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Tenant protections spurred by COVID-19 pandemic could become permanent under Price bill
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Tenant protections spurred by COVID-19 pandemic could become permanent under Price bill

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A Virginia House of Delegates committee is set to weigh Tuesday whether tenant protections established because of the COVID-19 pandemic should be permanent.

HB 1889 would require landlords who own five or more units to offer payment plans to renters who fall behind. The bill, carried by Del. Cia Price, D-Newport News, would also require landlords to issue a 14-day, rather than a five-day, notice before pursuing an eviction, in what advocates say is a crucial change for households living paycheck to paycheck.

“It’s the difference between whether or not you get another paycheck before your landlord can take you to court,” said Christie Marra, director of housing advocacy for the Virginia Poverty Law Center. “That’s a big deal.”

Thousands around the state remain at risk of eviction as COVID-19 cases have climbed and deaths from the disease have mounted. Upon taking office, President Joe Biden extended through March a federal moratorium on evictions for nonpayment that was set to expire at the end of the month. But the federal freeze is not a blanket ban; tenants must take steps to avoid eviction under it.

In a special session last year, the Virginia General Assembly approved stronger state protections for renters in an effort to help those who were struggling to stay in their housing. Price’s bill would continue the protections, which would otherwise expire on July 1.

Her measure cleared a House subcommittee last week despite opposition from the Virginia Apartment Management Association.

Brian Gordon, a VAMA lobbyist, told the subcommittee VAMA did not object to payment plans to keep families housed during the pandemic. However, so far, tenants who have agreed to the plans have struggled to stay current on installment payments on top of rent payments, he said.

The organization’s membership, of 325 property managers, reported tenants fell behind on their installment payments about 60% of the time, Gordon said. That could lead to higher monetary judgments against tenants if they do not get caught up, he said. If taken advantage of, the bill could make it easier for tenants who do not want to pay rent to duck consequences at the expense of their landlords, he said.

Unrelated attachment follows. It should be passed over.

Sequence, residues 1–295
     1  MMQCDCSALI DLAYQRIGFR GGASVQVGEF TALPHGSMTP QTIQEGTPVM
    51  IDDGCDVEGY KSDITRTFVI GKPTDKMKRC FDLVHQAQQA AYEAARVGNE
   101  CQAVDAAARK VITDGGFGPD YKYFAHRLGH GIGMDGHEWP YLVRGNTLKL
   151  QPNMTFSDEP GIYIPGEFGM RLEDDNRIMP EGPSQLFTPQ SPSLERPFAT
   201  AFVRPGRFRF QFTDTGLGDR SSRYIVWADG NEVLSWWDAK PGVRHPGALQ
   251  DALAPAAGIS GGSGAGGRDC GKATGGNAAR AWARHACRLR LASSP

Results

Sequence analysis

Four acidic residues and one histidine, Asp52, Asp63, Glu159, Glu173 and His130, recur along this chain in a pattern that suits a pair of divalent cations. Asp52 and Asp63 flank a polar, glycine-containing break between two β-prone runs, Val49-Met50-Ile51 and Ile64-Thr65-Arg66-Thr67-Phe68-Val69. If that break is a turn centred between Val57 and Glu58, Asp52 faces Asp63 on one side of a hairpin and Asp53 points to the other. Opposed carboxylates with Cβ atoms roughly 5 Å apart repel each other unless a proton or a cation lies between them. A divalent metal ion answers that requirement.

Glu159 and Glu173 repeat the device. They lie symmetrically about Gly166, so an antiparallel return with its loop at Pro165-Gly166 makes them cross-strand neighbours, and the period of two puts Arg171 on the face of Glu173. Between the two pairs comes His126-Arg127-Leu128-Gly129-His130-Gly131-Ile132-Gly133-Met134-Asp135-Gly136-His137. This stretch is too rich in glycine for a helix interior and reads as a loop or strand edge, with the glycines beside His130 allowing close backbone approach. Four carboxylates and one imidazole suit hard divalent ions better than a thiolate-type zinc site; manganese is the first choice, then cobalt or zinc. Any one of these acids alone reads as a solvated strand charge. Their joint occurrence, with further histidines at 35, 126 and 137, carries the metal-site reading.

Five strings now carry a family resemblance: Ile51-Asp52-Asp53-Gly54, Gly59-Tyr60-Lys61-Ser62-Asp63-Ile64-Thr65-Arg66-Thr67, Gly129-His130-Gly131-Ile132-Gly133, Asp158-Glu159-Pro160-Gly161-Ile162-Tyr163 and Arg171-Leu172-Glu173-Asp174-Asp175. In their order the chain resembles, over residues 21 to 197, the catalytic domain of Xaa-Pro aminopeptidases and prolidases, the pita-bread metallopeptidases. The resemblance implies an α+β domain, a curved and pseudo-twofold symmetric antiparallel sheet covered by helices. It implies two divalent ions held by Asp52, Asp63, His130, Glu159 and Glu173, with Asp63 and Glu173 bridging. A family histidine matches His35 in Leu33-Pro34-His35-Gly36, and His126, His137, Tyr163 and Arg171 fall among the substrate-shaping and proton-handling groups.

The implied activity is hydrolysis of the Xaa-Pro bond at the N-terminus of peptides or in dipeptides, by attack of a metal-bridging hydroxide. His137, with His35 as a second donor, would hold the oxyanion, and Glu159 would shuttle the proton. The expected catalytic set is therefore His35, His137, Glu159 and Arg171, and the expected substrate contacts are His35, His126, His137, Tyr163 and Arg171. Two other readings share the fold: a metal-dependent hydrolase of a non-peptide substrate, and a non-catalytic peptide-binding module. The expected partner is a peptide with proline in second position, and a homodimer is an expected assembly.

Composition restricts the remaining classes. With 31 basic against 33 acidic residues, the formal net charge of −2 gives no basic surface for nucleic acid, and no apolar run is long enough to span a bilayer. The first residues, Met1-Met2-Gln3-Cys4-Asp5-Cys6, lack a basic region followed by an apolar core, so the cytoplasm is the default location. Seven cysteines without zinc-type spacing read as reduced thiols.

In advance of the meeting, VAMA circulated a timeline purporting to show how renters could use the provisions in Price’s bill and other protections to avoid paying rent and eviction for as long as 8½ months.

“We’re talking seven to eight months that you can go into a 12-month lease term without paying a single time,” Gordon told the subcommittee.

Price called the VAMA timeline “artificial” and said hypothetical scenarios posed by opponents of the payment plans were off-base.

“When I hear the actual lived experiences from folks who have reached out to me, tenants who are experiencing this, they haven’t been gaming the system,” Price said. “They’ve been able to use a tool in order to provide more time so they don’t become homeless.”

Marty Wegbreit, director of litigation at the Central Virginia Legal Aid Society, said the timeline depicted a “worst-case scenario if everybody is dilatory and does things as slowly as humanly possible.”

If a tenant missed a payment under the agreed provisions of their plan, a landlord could still take them to court that month, he said.

“[A payment plan] simply offers them an opportunity to get back on track and have a win-win situation for both tenant and landlord,” he said. “The landlord gets paid in full, and the tenant gets to stay sheltered and safe.”

“Certainly the old system with high evictions led to a lot of people being put out of their homes and a lot of judgments that never got collected. That harms both parties. Putting pay-and-stay before owe-and-go helps both parties.”

Another bill Price is carrying, HB 2014, would eliminate a cap on the number of times a tenant can invoke their “right of redemption.”

The rule allows a renter to keep their apartment if they can pay all costs associated with an eviction judgment in advance of the sheriff’s office executing a writ of eviction. Under current state law, a tenant can use their right of redemption only once per 12 months.

The House’s General Laws committee is scheduled to weigh the payment plan bill when it meets Tuesday, Price said. HB 2014 is due for consideration by the General Laws Housing/Consumer Protection Subcommittee on Thursday.

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